Deadly shootings over Christmas holidays in the US

By Kate Randall
28 December 2011

A series of deadly shootings over the Christmas holiday period highlights the mounting tensions affecting individuals and families as the economic and social crisis deepens in America. Although details of some of the incidents remain sketchy, it is evident that stresses of everyday life are being magnified for increasing numbers of people. These pressures prompt some to lash out at family members or erupt in what appear to be random acts of violence.

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On Christmas morning, the bodies of seven people were found in an apartment in Grapevine, Texas, near Fort Worth, the apparent victims of a murder-suicide. Although police have not yet released the victims’ identities, the Star-Telegram reports that online property records and questioning of neighbors identify three of them as Aziz Yazdanpanah, his estranged wife Fatemeh Rahmati, and their daughter Nona Yazdanpanah.

The bodies of four women and three men were found around newly opened presents and a Christmas tree in the Grapevine apartment. Police believe one of the dead, a middle-aged man dressed as Santa Claus, shot the others before turning a weapon on himself. The victims were “related either by blood or marriage,” Grapevine police Lt. Todd Dearing told the media.

According to property records, a bank had foreclosed on Yazdanpanah’s home in nearby Colleyville, but he was still living there. Fatemeh Rahmati had moved earlier this year with her son and daughter to the apartment complex in Grapevine.

Allison Baum, who described herself as a close friend of Nona Yazdanpanah, told the Star-Telegram that her friend had complained about her parents fighting before they separated. The family, originally from Iran, was Muslim, but celebrated Christmas as a cultural holiday, Baum said.

Neighbors Carrie Stewart and Fred Ditmars said that Aziz Yazdanpanah told them about a year ago that his daughter was being harassed due to her ethnicity and the father mentioned that he had a gun.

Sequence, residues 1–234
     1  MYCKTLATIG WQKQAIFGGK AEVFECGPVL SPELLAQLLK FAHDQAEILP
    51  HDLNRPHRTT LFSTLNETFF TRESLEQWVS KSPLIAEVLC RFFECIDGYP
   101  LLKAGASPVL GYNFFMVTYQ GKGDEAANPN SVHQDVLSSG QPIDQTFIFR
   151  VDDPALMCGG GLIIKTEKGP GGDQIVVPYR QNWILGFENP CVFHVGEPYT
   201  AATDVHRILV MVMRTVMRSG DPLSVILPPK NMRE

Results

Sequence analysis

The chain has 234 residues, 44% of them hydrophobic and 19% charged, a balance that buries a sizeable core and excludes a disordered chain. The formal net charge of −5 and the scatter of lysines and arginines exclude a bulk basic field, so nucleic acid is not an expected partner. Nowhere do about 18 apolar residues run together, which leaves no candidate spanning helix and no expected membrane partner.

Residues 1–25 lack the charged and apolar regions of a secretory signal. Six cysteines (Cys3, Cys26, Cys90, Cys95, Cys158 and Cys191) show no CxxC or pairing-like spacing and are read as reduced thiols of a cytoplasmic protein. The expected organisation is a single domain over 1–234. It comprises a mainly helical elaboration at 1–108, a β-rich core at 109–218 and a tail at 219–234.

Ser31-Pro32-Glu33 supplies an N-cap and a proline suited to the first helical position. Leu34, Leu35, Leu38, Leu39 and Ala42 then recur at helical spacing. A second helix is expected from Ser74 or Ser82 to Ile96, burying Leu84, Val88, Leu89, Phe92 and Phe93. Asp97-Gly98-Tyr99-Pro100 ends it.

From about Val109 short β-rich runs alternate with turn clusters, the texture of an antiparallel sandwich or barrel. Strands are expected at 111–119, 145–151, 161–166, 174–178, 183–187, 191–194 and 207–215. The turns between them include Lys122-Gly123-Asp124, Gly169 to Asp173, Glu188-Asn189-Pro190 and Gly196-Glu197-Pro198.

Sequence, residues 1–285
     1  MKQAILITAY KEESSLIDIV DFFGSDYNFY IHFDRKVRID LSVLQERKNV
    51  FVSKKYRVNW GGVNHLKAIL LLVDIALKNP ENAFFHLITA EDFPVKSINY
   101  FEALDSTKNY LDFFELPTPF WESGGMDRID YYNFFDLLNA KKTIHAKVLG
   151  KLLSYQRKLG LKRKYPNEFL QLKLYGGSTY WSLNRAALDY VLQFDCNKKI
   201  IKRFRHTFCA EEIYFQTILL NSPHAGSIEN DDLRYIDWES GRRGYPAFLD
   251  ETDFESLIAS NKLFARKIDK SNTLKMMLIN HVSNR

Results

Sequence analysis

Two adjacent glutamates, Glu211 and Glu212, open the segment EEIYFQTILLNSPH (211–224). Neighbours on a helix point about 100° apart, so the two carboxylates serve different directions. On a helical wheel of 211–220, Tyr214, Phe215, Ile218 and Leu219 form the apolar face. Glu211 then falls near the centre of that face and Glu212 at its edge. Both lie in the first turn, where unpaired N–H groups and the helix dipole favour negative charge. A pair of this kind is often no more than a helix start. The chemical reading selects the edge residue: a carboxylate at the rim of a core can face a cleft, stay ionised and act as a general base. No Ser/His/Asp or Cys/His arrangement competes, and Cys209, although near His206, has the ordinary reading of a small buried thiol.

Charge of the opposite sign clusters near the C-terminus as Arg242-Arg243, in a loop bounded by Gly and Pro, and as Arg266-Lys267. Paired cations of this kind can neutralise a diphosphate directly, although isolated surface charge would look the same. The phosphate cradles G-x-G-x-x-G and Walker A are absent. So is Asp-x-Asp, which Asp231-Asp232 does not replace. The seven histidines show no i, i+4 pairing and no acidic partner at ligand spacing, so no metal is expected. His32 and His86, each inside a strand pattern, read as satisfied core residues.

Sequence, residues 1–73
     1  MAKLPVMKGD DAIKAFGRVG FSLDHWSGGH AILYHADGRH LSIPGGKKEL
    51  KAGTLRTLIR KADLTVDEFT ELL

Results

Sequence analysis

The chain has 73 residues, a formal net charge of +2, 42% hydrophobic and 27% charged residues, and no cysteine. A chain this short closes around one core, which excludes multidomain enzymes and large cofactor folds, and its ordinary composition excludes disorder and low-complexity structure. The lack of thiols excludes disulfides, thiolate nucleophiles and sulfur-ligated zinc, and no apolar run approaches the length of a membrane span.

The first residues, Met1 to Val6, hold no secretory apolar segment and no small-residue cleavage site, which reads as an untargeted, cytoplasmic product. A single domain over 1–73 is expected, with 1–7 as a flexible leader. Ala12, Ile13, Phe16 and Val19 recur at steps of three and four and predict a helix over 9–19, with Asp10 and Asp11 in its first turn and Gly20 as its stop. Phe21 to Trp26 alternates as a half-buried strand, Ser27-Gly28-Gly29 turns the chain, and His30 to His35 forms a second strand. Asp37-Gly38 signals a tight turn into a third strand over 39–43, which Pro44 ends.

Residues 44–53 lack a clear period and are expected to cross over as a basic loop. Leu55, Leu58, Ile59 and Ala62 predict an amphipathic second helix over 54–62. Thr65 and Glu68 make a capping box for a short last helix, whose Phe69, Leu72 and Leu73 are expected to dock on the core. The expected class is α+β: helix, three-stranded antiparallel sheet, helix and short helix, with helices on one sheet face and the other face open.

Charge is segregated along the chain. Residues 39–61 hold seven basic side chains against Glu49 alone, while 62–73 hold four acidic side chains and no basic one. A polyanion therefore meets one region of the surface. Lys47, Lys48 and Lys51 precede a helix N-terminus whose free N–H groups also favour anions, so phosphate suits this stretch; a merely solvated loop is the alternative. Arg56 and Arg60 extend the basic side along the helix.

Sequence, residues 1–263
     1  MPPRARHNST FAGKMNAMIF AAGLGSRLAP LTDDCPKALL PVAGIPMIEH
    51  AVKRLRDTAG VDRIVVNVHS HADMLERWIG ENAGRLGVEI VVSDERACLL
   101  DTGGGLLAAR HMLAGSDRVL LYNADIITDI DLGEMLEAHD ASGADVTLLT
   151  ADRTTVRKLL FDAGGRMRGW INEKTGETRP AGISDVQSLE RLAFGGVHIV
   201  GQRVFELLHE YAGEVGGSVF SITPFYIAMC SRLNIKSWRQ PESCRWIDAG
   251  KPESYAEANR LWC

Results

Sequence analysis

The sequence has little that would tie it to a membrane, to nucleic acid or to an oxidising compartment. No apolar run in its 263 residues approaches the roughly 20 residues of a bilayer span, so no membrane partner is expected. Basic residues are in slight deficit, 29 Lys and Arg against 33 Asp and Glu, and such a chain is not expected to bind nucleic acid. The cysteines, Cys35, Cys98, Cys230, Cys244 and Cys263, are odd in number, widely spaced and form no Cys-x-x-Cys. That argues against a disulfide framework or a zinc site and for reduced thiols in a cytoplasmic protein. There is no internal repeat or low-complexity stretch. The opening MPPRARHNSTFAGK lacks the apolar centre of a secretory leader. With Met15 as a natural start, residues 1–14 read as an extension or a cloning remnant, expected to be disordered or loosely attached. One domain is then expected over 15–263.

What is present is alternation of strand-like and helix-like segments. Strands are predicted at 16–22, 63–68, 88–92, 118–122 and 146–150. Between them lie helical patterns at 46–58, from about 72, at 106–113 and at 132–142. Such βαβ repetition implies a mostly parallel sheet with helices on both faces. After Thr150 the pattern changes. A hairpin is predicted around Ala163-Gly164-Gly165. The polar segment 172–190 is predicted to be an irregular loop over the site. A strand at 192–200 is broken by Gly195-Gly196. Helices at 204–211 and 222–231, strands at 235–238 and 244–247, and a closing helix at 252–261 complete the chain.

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A soldier returning from Afghanistan was shot and critically wounded at his homecoming party last Friday night in Southern California. Ruben Ray Jurado, 19, was arrested after he turned himself in to police in Chino Hills, about 35 miles east of Los Angeles. He is suspected of shooting Christopher Sullivan, 22, at the party in San Bernardino after getting into a fight with the soldier’s brother.

Authorities believe Jurado began arguing about football teams with Sullivan’s brother, 16-year-old Brandon, and then punched him. When Christopher Sullivan intervened, Jurado pulled a gun and fired multiple shots, hitting the older brother in the neck and shattering his spine. He remains in the hospital, paralyzed from the neck down and on a breathing machine.

Christopher Sullivan was wounded in a suicide attack in Kandahar province, suffering a cracked collarbone and brain damage. He had been recovering in Kentucky, where he is stationed with the 101st Infantry Division.

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Bonnie Marrow was shot and killed as she drove through the Church Hill district of Richmond, Virginia on the morning of December 22. Marrow, a nurse at VCU Medical Center, was apparently shot not long after leaving her son’s gravesite at Oakwood Cemetery.

Two-and-a-half years ago Marrow’s son, Robert Lee Cox Jr., 22, was found fatally shot behind the wheel of his car in a nearby residential area. That case has yet to be solved.

Authorities have no leads on the cause or circumstances surrounding Bonnie Marrow’s shooting. She leaves behind a husband and young daughter.

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On December 21, Penelope Luddy used a shotgun to kill her 10-year-old daughter Alexandra, her disabled father Harold Bertram, 79, and herself in the finished basement of her home on Red Fox Run in Perinton, upstate New York. The killings shocked residents of this wooded neighborhood in suburban Rochester.

Penny, as she was known to friends, had sent her husband, Michael Luddy, 57, to check on a sick relative at about 8:30 that morning. He returned home a little more than an hour later to find his slain wife, daughter and father-in-law.

A next-door neighbor said that the Penny Luddy had recently confided to him that she had a “very debilitating” illness, but that she had not elaborated on her condition. “She was worried but she didn’t give me the impression it was going to be life-threatening,” Tony Henderson said. He described her in general as cheerful and outgoing.

Neighbor Melinda, Tony Henderson’s wife, told the Associated Press, “She was a great mom … I think some type of depression just overtook her because there’s no way she would have harmed her baby. She had to have just snapped.”

The weapon used in the shootings belonged to Luddy’s husband, a maintenance worker at a Johnson & Johnson plant.

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